Cited By (40)

* Cited by examiner, † Cited by third party
Publication number Priority date Publication date Assignee Title
US3678889A (en) * 1970-02-06 1972-07-25 Tokyo Shibaura Electric Co Reflector assembly for reflecting the vapors of high temperature volatile materials
US4076018A (en) * 1974-12-06 1978-02-28 Richard Wolf Gmbh Endoscopes
US4213029A (en) * 1979-02-21 1980-07-15 The United States Of America As Represented By The Secretary Of The Navy Radiation transmissive housing having a heated load bearing gasket
US4355861A (en) * 1979-05-30 1982-10-26 Grundig E.M.V. Device for heating the front lens of a television camera
US4584721A (en) * 1982-04-26 1986-04-29 Yamamoto Kogaku Co., Ltd. Device for use in helmet for preventing fogging by electric heating
US4638728A (en) * 1985-07-31 1987-01-27 Allen Elenewski Visor defroster
US4641033A (en) * 1984-12-19 1987-02-03 Fusion Systems Corporation Apparatus and method preventing radiation induced degradation of optical elements
US4728775A (en) * 1987-07-24 1988-03-01 Straten George A Van Indicator light cover for vehicles and the like
US4957358A (en) * 1988-01-19 1990-09-18 Canon Kabushiki Kaisha Antifogging film and optical element using the same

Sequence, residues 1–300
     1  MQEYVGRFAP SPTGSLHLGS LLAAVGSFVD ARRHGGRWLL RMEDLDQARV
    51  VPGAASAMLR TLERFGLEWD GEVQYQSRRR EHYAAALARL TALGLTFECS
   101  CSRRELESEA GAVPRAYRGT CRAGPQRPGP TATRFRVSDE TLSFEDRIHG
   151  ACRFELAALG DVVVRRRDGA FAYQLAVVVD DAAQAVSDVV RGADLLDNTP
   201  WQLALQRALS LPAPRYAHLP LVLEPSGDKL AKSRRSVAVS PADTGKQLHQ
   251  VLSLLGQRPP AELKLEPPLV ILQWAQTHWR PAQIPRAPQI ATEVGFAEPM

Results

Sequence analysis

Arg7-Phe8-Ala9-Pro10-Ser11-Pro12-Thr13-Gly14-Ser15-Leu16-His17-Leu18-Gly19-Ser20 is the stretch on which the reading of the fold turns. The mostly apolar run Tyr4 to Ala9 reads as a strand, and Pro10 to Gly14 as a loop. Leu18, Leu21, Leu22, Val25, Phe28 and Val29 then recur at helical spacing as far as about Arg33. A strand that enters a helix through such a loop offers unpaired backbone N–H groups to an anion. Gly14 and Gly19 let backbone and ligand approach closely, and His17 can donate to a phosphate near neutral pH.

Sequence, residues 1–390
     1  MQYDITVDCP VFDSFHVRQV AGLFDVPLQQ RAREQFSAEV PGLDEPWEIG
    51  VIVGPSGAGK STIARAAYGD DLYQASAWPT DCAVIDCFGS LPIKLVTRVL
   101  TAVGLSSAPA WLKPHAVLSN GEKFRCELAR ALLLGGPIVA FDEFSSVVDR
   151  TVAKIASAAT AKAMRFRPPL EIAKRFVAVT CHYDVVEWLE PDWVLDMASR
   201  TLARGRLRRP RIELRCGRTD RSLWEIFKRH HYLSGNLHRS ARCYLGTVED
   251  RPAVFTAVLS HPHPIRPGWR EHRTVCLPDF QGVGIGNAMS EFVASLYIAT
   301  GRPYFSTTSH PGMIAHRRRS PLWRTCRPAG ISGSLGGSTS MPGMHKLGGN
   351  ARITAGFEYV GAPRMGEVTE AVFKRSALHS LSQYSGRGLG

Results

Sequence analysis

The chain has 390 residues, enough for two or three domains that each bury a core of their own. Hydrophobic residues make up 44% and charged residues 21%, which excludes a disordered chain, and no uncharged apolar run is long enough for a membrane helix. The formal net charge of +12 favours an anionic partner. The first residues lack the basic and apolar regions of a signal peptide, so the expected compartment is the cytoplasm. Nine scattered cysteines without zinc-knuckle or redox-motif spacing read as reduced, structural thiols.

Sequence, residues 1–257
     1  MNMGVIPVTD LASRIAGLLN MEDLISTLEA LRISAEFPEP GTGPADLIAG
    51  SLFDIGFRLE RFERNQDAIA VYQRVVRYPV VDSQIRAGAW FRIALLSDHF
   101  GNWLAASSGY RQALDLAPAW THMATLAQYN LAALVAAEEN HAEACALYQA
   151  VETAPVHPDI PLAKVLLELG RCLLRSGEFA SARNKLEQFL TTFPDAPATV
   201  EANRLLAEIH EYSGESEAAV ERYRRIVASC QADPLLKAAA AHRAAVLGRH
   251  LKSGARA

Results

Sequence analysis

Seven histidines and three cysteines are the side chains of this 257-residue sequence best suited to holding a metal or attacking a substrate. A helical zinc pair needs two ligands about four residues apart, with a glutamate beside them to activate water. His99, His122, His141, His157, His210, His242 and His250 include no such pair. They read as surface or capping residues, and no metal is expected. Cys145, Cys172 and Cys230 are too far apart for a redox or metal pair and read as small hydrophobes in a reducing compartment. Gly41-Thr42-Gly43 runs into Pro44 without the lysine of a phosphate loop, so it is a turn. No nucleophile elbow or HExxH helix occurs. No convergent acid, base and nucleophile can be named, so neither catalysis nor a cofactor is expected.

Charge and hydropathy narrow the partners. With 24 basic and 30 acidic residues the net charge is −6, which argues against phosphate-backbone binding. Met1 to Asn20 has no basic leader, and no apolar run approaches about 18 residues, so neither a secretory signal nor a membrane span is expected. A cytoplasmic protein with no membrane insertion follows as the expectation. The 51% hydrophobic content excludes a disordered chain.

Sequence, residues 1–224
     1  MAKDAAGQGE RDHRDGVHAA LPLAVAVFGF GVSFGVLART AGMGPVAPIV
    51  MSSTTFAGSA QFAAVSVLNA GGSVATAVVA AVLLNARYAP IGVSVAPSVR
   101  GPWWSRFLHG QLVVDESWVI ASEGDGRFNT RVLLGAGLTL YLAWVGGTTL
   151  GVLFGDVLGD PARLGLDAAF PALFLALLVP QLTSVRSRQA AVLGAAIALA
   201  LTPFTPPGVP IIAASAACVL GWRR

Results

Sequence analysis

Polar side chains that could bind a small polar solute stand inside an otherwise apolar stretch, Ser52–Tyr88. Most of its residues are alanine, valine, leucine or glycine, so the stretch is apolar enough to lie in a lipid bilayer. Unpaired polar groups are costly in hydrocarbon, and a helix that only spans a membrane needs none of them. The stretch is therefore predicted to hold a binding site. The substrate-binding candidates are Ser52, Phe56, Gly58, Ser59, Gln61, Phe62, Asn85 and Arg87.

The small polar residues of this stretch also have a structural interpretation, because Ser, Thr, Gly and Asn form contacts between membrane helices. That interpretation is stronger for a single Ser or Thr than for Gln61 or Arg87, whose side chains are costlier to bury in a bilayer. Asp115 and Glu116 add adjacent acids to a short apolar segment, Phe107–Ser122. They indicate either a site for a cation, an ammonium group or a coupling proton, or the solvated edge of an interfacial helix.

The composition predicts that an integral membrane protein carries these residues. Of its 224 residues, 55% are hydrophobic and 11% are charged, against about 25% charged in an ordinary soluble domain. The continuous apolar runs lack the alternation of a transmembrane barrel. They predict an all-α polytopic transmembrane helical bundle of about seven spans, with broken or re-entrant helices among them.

US5083865A (en) * 1990-05-11 1992-01-28 Applied Materials, Inc. Particle monitor system and method
US5463460A (en) * 1993-07-08 1995-10-31 Applied Materials, Inc. Particle monitoring sensor
US5471036A (en) * 1991-12-02 1995-11-28 Sperbeck; Scott W. Goggle defogging system with transparent indium-tin-oxide heating layer disposed on a lens
US5818010A (en) * 1995-10-31 1998-10-06 Smiths Industries Plc Display assemblies
DE10033472A1 (en) * 2000-07-10 2002-01-24 Metz Elektronik Gmbh Optical apparatus, especially camera, has heating element as discrete ohmic resistance on heating element carrier that is elastic and circular, especially annular
US20020021827A1 (en) * 2000-08-18 2002-02-21 Cross Match Technologies, Inc. Fingerprint scanner auto-capture system and method
US20020090147A1 (en) * 2000-12-18 2002-07-11 Scott Walter G. Palm scanner using a programmable nutating mirror for increased resolution
US20030016427A1 (en) * 2001-04-26 2003-01-23 Arnold Joe F. Silicon rubber surfaces for biometric print TIR prisms
US20030133143A1 (en) * 2002-01-17 2003-07-17 Cross Match Technology, Inc. Biometric imaging system and method
US20030133103A1 (en) * 2002-01-17 2003-07-17 Arnold Joseph F. Systems and methods for illuminating a platen in a print scanner
US20030149343A1 (en) * 2001-09-26 2003-08-07 Cross Match Technologies, Inc. Biometric based facility security
US20030197593A1 (en) * 2002-04-19 2003-10-23 Cross Match Technologies, Inc. Systems and methods utilizing biometric data
US20030200446A1 (en) * 2002-04-19 2003-10-23 Cross Match Technologies, Inc. System and methods for access control utilizing two factors to control access